Cubing is widely used in the mass production of items such as toys, electronics, automotive parts, and home appliances. This process is highly automated, which makes it efficient and cost-effective. It’s also a great way to produce a large number of identical items in a short amount of time. This process is used to make prototypes, as it is a quick and cost-effective way to produce a small number of parts.

Die Casting

This is a manufacturing process in which molten metal is injected into a mold (or “die”) at high pressure to produce parts with precise dimensions and a smooth surface finish. The process typically uses non-ferrous metals, such as aluminum, zinc, and copper, but can also use steel and other alloys.

There are two main types of die casting: hot chamber and cold chamber. In hot chamber die casting, the molten metal is already in a liquid state when it is injected into the mold, whereas in cold chamber die casting, the metal is first heated to a liquid state before being injected.

The die casting process begins by creating a steel mold, or die, in the shape of the desired part. The die is then mounted in a die casting machine, which consists of a furnace for heating the metal, a shot chamber for holding the molten metal, and a hydraulic or mechanical system for injecting the metal into the die. Once the metal is heated to the proper temperature, it is injected into the die under high pressure (typically between 1,000 and 30,000 psi). The metal solidifies quickly, taking the shape of the die. The die is then opened and the part is ejected.

Die casting is a relatively fast and efficient process that produces high-quality parts with tight tolerances and a smooth surface finish. It is commonly used to produce parts for a wide range of industries, including automotive, aerospace, electrical, and medical. The process is also highly customizable, as it can be used to produce parts in a wide range of sizes, shapes, and materials.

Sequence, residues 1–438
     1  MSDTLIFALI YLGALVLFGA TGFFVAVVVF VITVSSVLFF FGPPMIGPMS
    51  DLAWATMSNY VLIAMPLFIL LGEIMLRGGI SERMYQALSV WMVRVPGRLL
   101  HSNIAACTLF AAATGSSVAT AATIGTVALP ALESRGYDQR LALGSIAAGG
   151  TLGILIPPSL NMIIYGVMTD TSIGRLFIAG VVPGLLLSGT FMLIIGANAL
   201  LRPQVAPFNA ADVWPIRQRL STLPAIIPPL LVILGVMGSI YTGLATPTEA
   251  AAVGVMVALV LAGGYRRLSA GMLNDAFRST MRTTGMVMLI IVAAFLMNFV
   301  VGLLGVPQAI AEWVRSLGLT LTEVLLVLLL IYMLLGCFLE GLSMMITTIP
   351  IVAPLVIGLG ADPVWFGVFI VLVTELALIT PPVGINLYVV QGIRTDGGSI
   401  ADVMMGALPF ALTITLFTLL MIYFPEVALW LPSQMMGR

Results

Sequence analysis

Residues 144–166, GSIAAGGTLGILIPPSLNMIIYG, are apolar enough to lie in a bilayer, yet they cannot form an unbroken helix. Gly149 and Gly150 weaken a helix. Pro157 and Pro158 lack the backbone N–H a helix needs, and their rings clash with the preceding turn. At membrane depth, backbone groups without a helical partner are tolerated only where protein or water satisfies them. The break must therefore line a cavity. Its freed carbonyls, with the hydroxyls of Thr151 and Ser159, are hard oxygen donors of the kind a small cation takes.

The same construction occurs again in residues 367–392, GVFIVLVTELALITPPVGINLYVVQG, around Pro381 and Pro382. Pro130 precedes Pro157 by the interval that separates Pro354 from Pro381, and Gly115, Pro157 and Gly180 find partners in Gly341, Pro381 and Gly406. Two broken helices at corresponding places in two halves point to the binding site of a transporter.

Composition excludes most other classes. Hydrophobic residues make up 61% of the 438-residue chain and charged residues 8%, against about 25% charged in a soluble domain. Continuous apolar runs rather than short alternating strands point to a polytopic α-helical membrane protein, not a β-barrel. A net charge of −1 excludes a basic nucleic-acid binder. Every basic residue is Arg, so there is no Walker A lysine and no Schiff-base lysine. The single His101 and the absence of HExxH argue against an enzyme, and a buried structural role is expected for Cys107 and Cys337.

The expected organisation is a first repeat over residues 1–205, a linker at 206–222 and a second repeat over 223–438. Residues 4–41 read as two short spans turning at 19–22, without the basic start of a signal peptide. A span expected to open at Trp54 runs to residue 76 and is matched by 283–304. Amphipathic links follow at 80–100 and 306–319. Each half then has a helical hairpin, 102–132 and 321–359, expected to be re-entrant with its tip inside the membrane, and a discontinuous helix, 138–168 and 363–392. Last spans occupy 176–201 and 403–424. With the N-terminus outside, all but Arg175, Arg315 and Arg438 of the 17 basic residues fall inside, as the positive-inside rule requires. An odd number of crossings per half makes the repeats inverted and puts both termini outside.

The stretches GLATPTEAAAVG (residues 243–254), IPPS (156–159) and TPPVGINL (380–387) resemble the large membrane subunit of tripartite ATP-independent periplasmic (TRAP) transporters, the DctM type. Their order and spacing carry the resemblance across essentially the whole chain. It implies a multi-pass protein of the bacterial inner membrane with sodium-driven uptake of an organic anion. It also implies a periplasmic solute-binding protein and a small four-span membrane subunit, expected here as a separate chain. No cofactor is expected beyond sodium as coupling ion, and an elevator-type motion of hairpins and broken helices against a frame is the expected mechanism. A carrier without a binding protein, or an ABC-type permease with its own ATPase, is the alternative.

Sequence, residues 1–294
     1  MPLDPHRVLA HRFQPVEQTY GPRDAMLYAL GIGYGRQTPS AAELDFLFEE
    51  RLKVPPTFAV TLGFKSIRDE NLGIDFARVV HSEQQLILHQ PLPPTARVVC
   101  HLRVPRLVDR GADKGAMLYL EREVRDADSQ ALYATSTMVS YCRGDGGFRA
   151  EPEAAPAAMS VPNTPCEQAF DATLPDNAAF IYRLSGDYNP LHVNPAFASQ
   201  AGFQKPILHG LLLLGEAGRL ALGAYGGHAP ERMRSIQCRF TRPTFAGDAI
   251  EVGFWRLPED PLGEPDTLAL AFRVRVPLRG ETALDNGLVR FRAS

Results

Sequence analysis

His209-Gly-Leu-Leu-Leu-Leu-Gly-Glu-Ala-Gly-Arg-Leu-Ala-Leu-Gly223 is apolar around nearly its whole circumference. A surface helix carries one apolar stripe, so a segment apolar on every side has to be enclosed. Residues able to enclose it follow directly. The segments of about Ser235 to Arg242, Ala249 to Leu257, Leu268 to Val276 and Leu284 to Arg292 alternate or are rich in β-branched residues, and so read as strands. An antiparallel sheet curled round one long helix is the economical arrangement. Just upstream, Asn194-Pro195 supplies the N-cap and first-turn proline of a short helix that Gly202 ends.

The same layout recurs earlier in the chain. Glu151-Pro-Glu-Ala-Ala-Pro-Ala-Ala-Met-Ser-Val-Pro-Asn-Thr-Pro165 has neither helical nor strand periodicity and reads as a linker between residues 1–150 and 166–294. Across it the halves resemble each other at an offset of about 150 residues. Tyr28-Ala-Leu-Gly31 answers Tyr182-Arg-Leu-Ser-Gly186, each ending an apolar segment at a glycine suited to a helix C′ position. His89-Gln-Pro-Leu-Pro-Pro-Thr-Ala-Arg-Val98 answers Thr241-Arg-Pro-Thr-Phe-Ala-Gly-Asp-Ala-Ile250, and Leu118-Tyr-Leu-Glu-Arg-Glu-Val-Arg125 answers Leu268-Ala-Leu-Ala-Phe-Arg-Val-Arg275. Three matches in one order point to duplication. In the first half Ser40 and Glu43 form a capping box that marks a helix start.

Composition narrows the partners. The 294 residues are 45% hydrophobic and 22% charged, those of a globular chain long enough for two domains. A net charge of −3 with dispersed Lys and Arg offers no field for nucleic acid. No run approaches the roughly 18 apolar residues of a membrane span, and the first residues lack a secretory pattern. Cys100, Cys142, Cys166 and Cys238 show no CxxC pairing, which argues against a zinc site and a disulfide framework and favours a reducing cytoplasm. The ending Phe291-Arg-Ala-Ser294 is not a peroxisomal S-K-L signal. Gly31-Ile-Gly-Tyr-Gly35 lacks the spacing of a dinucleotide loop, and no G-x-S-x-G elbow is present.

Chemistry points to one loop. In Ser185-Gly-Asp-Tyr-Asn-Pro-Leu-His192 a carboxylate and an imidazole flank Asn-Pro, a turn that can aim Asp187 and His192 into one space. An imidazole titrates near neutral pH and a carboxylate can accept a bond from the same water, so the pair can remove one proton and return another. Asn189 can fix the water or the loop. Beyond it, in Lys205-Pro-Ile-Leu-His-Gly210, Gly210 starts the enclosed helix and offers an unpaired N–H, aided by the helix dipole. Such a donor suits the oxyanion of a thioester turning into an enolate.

However, the cost of die casting can be high, particularly for small production runs, and the process may produce some scrap, depending on the part geometry and the skill of the operator.

Gas-assisted Injection Molding

Gas-assisted injection molding is a process used to manufacture plastic parts by injecting a gas, typically nitrogen, into a mold during the injection molding process. The gas is used to assist in filling the mold and to provide support for the plastic as it cools and solidifies. The gas also helps to reduce the amount of material needed to fill the mold, which can save on costs and weight.

The process is done by injecting a small amount of gas into the mold through a small nozzle, called a gas assist nozzle, which is typically located in the thickest section of the part. As the gas is injected, it pushes the plastic into the mold, filling it more quickly and evenly. The gas also cools the plastic more quickly, reducing the cycle time and improving the surface finish of the part.

Additionally, the gas helps to reduce the amount of material required to fill the mold, which can save on costs and weight. This process is particularly useful for creating large, complex parts with thick sections, such as automotive parts, household appliances, and toys.

Liquid Silicone Rubber Injection Molding

This injection molding process is used to manufacture parts from Liquid Silicone Rubber (LSR). The process involves injecting a measured amount of liquid silicone rubber into a heated mold, where it is then cured into the desired shape. The mold is typically made of steel or aluminum, and is precision-machined to the exact specifications of the desired part.

One of the main benefits of LSR injection molding is its ability to create highly detailed and complex parts with tight tolerances. The liquid nature of the silicone rubber allows it to flow easily into the smallest crevices of the mold, creating a detailed replica of the mold’s surface. This makes LSR injection molding well-suited for creating parts with intricate geometries, such as those found in medical devices and electronic components.

Another advantage of LSR injection molding is its ability to produce parts with consistent quality. Because the silicone rubber is injected into the mold under high pressure, the material fills the mold completely and evenly, resulting in parts with minimal shrinkage and warping. Additionally, LSR is a thermoset polymer, meaning it will not melt when heated, which makes it a great choice for high-temperature applications.